That said, it is totally worth it if you can maximize the experience. If you make connections and pay attention, then the conference could pay for itself overall.
If you are interested, please click on any of the the banners or links here to register. They are my FinCon affiliate links, and I am using what I make from them to help others. Specifically, I am hoping to bring in enough to help a few less fortunate bloggers make it to FinCon and sponsor a giveaway here if possible. Thanks!!!
How many of you have been reading BFS from the very beginning – way back in early 2010? I was laying in bed last week and it dawned on me that not only has it been nearly 4 years, but I am living a completely different life! Can you believe what can change in 4 years?!
Past vs Present – Changes
Here have been the largest changes:
- In 2010, all of our grandparents that we grew up with were still with us. That was both sets of my biological grandparents, my step-dad’s mom, and both sets of my husband’s grandparents. We have since had to say goodbye to hubby’s maternal grandma and my step-dad’s mom.
- I had just started blogging in early 2010…my world opened up a lot that year.
- In early 2010, I was working in the same cubicle job that I had since mid-2005. In early 2014, I have been self-employed for 2.5 years.
- In 2010, we made about $80,000 before taxes with our main jobs. Now we make about $125,000 a year before taxes with our online business.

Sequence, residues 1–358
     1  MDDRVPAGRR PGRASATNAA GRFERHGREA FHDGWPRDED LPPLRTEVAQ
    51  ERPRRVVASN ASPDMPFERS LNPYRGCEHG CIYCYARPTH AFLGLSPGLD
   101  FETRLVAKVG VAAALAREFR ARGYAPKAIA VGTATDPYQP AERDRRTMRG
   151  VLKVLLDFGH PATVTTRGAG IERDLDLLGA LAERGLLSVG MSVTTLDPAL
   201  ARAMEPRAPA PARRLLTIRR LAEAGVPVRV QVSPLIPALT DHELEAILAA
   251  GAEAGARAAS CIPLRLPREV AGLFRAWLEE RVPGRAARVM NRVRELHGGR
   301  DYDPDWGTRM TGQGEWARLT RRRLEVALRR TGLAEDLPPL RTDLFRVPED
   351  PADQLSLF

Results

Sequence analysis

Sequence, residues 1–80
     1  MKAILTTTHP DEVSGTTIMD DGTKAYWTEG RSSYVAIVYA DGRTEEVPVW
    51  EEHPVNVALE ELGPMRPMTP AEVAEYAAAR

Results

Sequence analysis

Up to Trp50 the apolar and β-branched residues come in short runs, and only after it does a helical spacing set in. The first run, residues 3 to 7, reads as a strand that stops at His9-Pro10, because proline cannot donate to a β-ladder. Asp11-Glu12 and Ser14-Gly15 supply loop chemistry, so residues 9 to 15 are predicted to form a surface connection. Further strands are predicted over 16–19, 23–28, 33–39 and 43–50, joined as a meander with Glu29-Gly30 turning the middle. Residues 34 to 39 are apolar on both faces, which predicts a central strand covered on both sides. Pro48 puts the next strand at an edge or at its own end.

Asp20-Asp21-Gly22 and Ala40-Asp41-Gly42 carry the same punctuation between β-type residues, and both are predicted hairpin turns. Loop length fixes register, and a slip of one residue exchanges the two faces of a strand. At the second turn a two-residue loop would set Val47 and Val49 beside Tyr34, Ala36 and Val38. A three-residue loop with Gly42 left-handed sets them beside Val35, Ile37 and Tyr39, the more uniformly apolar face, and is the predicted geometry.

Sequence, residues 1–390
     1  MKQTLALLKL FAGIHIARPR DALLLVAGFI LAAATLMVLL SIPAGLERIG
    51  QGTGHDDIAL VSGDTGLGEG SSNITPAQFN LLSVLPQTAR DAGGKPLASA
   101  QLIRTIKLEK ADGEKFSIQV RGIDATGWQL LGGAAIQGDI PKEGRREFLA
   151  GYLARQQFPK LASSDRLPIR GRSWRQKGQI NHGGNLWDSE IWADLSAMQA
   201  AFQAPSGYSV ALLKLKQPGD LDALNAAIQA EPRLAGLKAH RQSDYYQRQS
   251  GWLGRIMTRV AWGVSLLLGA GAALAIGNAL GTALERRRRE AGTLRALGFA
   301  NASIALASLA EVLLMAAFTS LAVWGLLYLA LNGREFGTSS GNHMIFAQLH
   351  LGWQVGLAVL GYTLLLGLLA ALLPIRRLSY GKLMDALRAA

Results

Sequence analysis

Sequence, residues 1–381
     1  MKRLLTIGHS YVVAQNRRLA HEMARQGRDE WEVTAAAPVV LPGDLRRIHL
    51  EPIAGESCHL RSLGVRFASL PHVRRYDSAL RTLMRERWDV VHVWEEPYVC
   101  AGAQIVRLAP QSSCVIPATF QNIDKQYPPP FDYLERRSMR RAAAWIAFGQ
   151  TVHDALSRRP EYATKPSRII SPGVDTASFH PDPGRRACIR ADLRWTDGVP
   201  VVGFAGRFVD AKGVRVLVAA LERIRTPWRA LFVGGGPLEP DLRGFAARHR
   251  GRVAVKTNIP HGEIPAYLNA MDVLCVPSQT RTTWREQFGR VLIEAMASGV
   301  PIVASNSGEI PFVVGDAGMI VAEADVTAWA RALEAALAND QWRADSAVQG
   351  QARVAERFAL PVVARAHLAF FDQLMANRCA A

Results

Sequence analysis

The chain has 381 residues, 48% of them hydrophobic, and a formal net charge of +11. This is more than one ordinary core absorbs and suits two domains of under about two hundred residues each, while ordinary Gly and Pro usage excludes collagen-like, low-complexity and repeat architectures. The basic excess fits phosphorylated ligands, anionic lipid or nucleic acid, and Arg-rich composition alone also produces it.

- In 2010, we had been living in our first house for almost 3 years. Now that house is paid off, is used as our rental property, and we’ve been living in our forever home for more than a year.
- In 2010, we were just making close friends after a long dry spell of being semi-hermits. Now we have 10 close friends that we can really depend on and they can depend on us. I also have 7 great online/blogging buddies that I can talk to online with regularly and see in person 1-2 times a year.
- In 2010, we were used to taking one, solid vacation a year. Now I travel significantly at least 4 times a year to visit friends in other states, make it to conventions, and for fun.
- In 2010, we were positive that we wouldn’t ever want kids. Now we are rethinking that.
- In 2010, I was in between volunteer jobs (foster mom for Pugs and Meals on Wheels). Now I am a “Big” in the Big Brothers Big Sisters program.
- In 2010, I was nearing 180 pounds on the bathroom scale. I lost 30 pounds in 2011 thanks to Weight Watchers and hover around 155-160 now consistently by edging up, hitting the program again, losing 5-10 pounds, and then taking a break. It’s an odd cycle, but it has kept me in a way better range for nearly 3 years.
- I cut off all of my hair in 2013 – went from having bobs to 12-15 inch ponytails to having something close to a pixie cut consistently for more than 6 months. That probably only seems huge to me, but I love it and it feels like it changed me a lot, lol.
Past vs Present – Stayed the Same
Here is what has stayed the same:
- I am still married to the same Mr. BFS – we’re going on to 9 years. We’ve been together as a couple for more than 12 years now.
- We have the same dogs - Miss Doxie is almost 16 years old and Mr. Pug is almost 12 years old.
- We have four of the same close friends.
- We drive the same cars – my 2005 Chevy Aveo and my husband’s 2007 Toyota Prius. We are saving for a new-to-us car though since we think we only have a solid 1-2 years left with both of those.